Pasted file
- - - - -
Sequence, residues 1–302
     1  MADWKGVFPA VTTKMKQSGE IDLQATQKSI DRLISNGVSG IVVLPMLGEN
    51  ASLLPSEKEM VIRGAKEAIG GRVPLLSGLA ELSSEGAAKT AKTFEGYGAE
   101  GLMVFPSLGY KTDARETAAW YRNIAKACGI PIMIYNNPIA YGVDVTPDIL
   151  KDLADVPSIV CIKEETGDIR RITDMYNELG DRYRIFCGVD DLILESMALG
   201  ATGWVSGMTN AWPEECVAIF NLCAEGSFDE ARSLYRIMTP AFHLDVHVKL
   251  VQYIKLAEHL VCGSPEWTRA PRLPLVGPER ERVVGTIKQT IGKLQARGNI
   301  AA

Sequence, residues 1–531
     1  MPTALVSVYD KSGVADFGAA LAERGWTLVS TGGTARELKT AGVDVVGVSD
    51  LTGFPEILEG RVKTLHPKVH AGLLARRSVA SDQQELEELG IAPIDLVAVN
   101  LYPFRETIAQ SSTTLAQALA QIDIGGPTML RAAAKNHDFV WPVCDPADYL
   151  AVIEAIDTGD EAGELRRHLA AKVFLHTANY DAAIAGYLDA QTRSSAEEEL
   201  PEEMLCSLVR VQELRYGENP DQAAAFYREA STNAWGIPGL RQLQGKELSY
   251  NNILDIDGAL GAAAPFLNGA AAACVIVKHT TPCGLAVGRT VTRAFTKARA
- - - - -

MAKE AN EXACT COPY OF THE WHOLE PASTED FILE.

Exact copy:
Sequence, residues 1–302
     1  MADWKGVFPA VTTKMKQSGE IDLQATQKSI DRLISNGVSG IVVLPMLGEN
    51  ASLLPSEKEM VIRGAKEAIG GRVPLLSGLA ELSSEGAAKT AKTFEGYGAE
   101  GLMVFPSLGY KTDARETAAW YRNIAKACGI PIMIYNNPIA YGVDVTPDIL
   151  KDLADVPSIV CIKEETGDIR RITDMYNELG DRYRIFCGVD DLILESMALG
   201  ATGWVSGMTN AWPEECVAIF NLCAEGSFDE ARSLYRIMTP AFHLDVHVKL
   251  VQYIKLAEHL VCGSPEWTRA PRLPLVGPER ERVVGTIKQT IGKLQARGNI
   301  AA

Sequence, residues 1–531
     1  MPTALVSVYD KSGVADFGAA LAERGWTLVS TGGTARELKT AGVDVVGVSD
    51  LTGFPEILEG RVKTLHPKVH AGLLARRSVA SDQQELEELG IAPIDLVAVN
   101  LYPFRETIAQ SSTTLAQALA QIDIGGPTML RAAAKNHDFV WPVCDPADYL
   151  AVIEAIDTGD EAGELRRHLA AKVFLHTANY DAAIAGYLDA QTRSSAEEEL
   201  PEEMLCSLVR VQELRYGENP DQAAAFYREA STNAWGIPGL RQLQGKELSY
   251  NNILDIDGAL GAAAPFLNGA AAACVIVKHT TPCGLAVGRT VTRAFTKARA